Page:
Wikinomics, by Don Tapscott (other books by him) and Anthony Williams (other books by him) is a look at how e-mail, wikis, weblogs, instant messaging, cellphones and other digital tools change the face of business. The authors have done some previous work in business, but they’re principally journalists, I think. In this non-fiction work, they attempt to uncover the elements of what makes a successful, flattened operation possible.
The essential problem here is that most businesses consider their information proprietary. If you’re a mine, like the one discussed at the start of the book, your geological information is proprietary data that you’ve spent hard-earned bucks to gather from solid rock. You don’t want to give it up too easily. But at the same time, you may not have the geologists in-house to analyze that data effectively, and find new places to dig for gold. The difference between knowing and not-knowing may cost you several hundred million dollars. So the CEO of this company decided to make its intellectual property public. And it offered prizes to people who crunched the data for them, and found new ways to find gold. People came out of the woodwork to crunch the data, and not all of them were nut-cases. Today, this is the most profitable gold-mine in North America.
Proctor & Gamble was irritated that its internal R&D department wasn’t able to use its huge catalog of patented processes, and that it had a huge number of R&D problems that it couldn’t solve. So it found an online company, InnoCentive, where you can post R&D problems to consultants, who will attempt to find solutions. At the same time, Proctor & Gamble began posting some of its patented solutions as part of an effort to find companies that needed to solve those problems. It now earns almost $2 billion a year from licensing its patented technology and processes.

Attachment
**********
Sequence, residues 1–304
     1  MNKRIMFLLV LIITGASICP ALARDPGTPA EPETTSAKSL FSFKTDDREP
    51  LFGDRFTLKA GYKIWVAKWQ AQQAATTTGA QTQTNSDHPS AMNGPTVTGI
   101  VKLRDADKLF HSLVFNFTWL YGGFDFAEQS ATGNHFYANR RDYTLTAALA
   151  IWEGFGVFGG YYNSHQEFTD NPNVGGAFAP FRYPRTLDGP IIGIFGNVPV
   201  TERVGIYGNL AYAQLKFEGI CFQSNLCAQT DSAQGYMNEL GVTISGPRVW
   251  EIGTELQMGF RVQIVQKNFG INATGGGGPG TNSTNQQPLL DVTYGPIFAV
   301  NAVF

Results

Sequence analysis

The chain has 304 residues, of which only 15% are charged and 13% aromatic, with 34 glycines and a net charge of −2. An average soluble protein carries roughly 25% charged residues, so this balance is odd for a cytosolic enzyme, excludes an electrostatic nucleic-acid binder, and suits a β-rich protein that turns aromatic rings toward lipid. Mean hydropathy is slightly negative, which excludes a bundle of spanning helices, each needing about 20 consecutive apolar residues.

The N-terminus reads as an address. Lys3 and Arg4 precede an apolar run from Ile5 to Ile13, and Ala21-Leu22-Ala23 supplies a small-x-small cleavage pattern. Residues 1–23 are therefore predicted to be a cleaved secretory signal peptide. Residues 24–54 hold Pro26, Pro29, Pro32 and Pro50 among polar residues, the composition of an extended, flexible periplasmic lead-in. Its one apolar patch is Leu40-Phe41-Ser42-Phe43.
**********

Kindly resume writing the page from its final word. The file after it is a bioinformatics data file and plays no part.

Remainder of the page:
IBM found that it couldn’t build an operating system to compete with Microsoft Windows. So it tried to get Linux. Only, it couldn’t figure out how to interface with the Linux community as a company. So after several difficult tries, IBM decided that its engineers would simply interface one-on-one with the community, just like every other software engineer.
Best Buy discovered that its marketing and sales analysis force actually knew less about their customers than their sales force did. The people who interacted with the customers on the salesroom floor got incentives to talk to the decision makers at the top tiers of the company, in order to improve sales and customer service across the board. Wal-Mart started asking its buyers to keep blogs — uncensored and unedited. Wikipedia built an impressive encyclopedia solely on the basis of individual contributions over months and years. Even its errors eventually get corrected.
Boeing realized that it could build 787s using 400+ page explanations and countless meetings, but they wouldn’t get the plane they wanted and needed to stay competitive. So they partnered with their suppliers, got the suppliers to build the parts, wrote a 20-page specifications manual, and opened the whole construction and design process to trust and goodwill. They’re now competitive and successful for the first time in decades.
The tools that made this possible are wikis, e-mail, blogs… all tools for increasing communication, and flattening hierarchy. Whether this book explains successfully how they work, I don’t know. Even so, it’s a pretty good read. I guess the part I find most dismaying is that most schools are 10-12 years away from adopting many of these same tools, and moving towards student and faculty collaboration in a big way. Schools are inherently conservative, but it’s not good for our education system
Stars: 3.5 out of 5